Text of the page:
I was in the middle of getting the air out of the house water pipes, when one of my kids wanted me to play catch with him in the alley.
Getting the air hammer or "bang" out of the pipes turned out to be pretty easy. I shut the main water feed off, then opened one cold water faucet on the third floor, the highest point in our house. Next I turned on another faucet in the basement sink, the lowest point in our plumbing system. This drained all the water out of the pipes. Finally I closed both faucets, and turned the main water feed back on. It worked. Now when someone turns off a faucet, it doesn't sound like machine gun fire.
Playing catch with my kid, however, wasn't so simple. That is because I am a lacrosse-dumb dad.
I grew up in the Midwest. When somebody asked you to play catch on a fine spring Saturday, you grabbed a baseball glove. In Baltimore, I still grab a ball glove, but often I am wrong. The other day, for instance, my youngest son wanted to play catch with the lacrosse ball. He grabbed his stick and skipped out the alley. I followed him and held my breath.
I can catch a baseball -- sometimes with my eyes closed. But catching a lacrosse ball with a lacrosse stick is an adventure. When I play "catch" with my kids, I spend as much time chasing the lacrosse ball as snaring it.
One of the parts of this dad business I enjoy is passing along bits of sporting wisdom to my kids. In basketball, I tell them to shoot the ball off the backboard. In baseball, I tell them to get the baseball glove close to the ground and let the ball roll in. But when my kids have a question about lacrosse, I direct them to strangers.
Last summer when the older kid wanted to disown me for being a lacrosse know-nothing, I found two young lacrosse players in the neighborhood to act as surrogate fathers. These young men taught my kid how to "cradle" and "dodge." I am still not sure what these terms mean. But when my 11-year-old son uses them,I now nod knowingly.
One of these dads-for-a-day told my kid his lacrosse stick was illegal; it was too long. My son came home and ordered me to saw 4 inches off the stick, making it 36 inches long. I immediately picked up a saw and shortened the stick. He was delighted.
But that was last year. This spring he told me his stick was illegal -- this time because it was too short. Besides, it had a "bad pocket." These shortcomings, my son told me, had to be rectified immediately.
One of the nuances of lacrosse that I have picked up is that players seem to have a personal connection with the proprietor of the store that sells them equipment. Baltimore folks talk about going to Bacharach Rasin, or Lax World, or Krauter's, to "get a new stick," the way Londoners talk about getting a suit on Savile Row.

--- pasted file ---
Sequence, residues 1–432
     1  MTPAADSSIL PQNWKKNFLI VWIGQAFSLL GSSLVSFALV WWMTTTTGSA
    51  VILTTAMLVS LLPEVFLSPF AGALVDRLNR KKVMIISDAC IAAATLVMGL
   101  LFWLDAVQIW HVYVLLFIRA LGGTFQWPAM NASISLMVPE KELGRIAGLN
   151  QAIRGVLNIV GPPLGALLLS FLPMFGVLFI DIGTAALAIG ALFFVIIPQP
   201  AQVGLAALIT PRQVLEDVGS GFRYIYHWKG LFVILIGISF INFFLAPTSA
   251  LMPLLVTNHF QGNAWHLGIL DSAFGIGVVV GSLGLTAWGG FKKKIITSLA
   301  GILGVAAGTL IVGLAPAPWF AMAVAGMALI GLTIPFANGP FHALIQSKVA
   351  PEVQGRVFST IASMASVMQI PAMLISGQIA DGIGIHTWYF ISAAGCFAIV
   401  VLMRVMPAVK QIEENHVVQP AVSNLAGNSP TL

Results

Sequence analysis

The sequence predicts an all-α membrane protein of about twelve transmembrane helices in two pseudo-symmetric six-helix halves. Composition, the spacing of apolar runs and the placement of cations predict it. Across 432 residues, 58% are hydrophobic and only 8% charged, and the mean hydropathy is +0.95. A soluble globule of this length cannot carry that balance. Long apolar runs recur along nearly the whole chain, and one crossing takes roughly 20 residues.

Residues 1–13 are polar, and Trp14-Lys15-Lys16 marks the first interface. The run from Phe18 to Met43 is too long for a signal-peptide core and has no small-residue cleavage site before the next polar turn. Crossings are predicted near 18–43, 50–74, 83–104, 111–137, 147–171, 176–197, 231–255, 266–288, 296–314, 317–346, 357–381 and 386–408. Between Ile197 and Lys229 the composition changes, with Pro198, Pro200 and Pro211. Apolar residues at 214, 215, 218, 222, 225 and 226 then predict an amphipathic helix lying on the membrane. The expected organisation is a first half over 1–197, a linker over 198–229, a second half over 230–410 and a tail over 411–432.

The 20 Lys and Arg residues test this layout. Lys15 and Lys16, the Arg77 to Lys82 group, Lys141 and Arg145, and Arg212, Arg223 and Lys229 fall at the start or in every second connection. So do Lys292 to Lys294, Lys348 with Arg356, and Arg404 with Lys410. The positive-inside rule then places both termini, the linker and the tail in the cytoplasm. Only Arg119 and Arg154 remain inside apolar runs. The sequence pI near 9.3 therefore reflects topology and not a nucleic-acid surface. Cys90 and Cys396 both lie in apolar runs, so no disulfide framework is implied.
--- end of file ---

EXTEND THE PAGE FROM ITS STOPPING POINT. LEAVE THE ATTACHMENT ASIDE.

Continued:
So, to solve my kid's stick problem, I knew I should go to a store where I knew somebody. One night this week I went streaking around the Beltway, with both kids and both sticks in the back seat trying to get to Lax World.
Having met owner Joe Gold at a beer tasting, I knew him as a connoisseur of the world's finer suds. But I learned later that to lacrosse fans, Gold was known as the feisty midfielder on a championship UMBC team, a forward for the Pittsburgh Bulls professional team, and brother of Mark Gold who was a star lacrosse player at UMBC.
My kids and I arrived at the store. Introductions were made. Measurements were taken. Preferences for "heads" and "pockets" were discussed. Then there was sawing and gnashing. All I did was sign a check. The kids emerged from the process delighted and anxious to test their new equipment.
I learned good lacrosse players were not necessarily born with a stick in their hands. Some of the stars have dads who don't play the game. Gold didn't have a lacrosse stick in his hand until he went to Brooklyn Park High School. His younger brother, Mark, picked up the game when he was forced to play catch with his brother.
John Tucker is coach of the Gilman School team. He played lacrosse at Johns Hopkins as well as for the Philadelphia Wings professional team and didn't take up the sport until he was 15 years old. He learned lacrosse by playing in the bottom rung of a league at Archbishop Curley High School.
And Melvin R. Manson, who supervises recreational lacrosse leagues in Towson, said he grew up in Highlandtown, playing soccer. He learned about lacrosse in a police boys league, at the age of 13.
I thought about these success stories the other day as I chased the lacrosse ball down the alley. The stories give me hope that someday my kids will master the fine points of this mysterious game, even though they have a lacrosse-dumb dad.